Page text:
'Stay off Fifth Avenue!': Maddow explains why Trump's view of the presidency really would let him get away with murder
The host of 'The Rachel Maddow Show' on MSNBC (screengrab)

On Wednesday, MSNBC's Rachel Maddow tore into the Trump administration's interpretation of congressional oversight law, arguing that if they are correct that Congress has no power to investigate the president, that essentially means the president is completely immune from liability for any federal laws.

"Remember when Trump said that during the campaign? I could stand in the middle of Fifth Avenue and shoot somebody and I would get away with it," said Maddow. "The attorney general now asserts bluntly that the president cannot be criminally charged. The attorney general also asserts that if the president can't be criminally charged, then he can't be criminally investigated either. The attorney general also says that if the Justice Department is investigating the president and the president believes that's bad, the president believes that's wrong, that he's been wrongly accused, he definitely didn't do anything wrong, nobody should be looking at me, that's grounds enough for the president to end that investigation and fire the investigator."

"And now both the president's private lawyers and the White House counsel and the Justice Department, in defying the subpoenas, they are all arguing one way or another that Congress has no right to investigate the president for corruption or other crimes at all," Maddow continued. "So if you can't be charged, you can't be investigated. Anybody who does start investigating you, you can fire. And oh by the way, Congress can't investigate you either. I mean, you really could stand in the middle of Fifth Avenue and shoot someone. I don't know what we the rest of the country are supposed to do with this new revelation about this view of the presidency. I guess stay off Fifth Avenue!"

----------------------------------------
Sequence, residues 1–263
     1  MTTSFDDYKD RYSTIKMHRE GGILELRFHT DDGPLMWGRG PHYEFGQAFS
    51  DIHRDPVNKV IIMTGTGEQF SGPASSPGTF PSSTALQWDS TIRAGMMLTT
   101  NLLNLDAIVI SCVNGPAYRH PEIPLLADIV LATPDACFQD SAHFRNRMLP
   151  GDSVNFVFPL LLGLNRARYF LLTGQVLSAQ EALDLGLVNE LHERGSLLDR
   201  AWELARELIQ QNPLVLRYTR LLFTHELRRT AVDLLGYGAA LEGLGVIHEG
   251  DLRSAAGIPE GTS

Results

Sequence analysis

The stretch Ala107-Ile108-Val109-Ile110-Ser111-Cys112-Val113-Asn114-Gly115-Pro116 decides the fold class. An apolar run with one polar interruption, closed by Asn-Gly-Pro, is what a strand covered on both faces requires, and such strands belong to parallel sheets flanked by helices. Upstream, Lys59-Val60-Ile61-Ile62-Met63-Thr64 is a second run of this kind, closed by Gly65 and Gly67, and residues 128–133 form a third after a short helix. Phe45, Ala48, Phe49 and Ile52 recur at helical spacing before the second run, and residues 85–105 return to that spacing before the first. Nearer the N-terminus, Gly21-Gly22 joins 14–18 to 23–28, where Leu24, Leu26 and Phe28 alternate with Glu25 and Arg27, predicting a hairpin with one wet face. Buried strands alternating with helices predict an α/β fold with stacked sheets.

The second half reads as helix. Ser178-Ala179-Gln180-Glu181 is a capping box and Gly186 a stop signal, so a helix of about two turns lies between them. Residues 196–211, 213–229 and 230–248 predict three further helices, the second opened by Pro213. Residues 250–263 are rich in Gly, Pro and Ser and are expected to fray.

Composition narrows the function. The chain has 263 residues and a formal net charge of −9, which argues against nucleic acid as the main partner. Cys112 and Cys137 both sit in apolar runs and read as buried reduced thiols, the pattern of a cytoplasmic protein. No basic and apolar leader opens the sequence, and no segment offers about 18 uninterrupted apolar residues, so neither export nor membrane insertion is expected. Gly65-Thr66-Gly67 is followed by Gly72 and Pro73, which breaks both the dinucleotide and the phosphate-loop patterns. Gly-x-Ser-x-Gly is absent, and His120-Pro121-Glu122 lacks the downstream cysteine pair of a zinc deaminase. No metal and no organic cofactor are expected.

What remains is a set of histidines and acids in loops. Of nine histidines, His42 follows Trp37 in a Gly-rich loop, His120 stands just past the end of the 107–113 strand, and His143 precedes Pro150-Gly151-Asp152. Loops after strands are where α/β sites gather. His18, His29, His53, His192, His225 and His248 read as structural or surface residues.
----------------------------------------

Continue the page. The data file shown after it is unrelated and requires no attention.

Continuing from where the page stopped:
"But also, look on the bright side," Maddow added. "If you have ever, ever personally had truly epic, truly wicked criminal ambitions for yourself, now you know what the job is for you. I mean, if you were so lucky as to get elected president, you could not only by definition not commit any crimes, you could not be charged, you could not be investigated."

"You'd be the freest criminal on Earth if you were lucky enough to be elected President of the United States," she said, "and if you had attorney general William Barr working for you."

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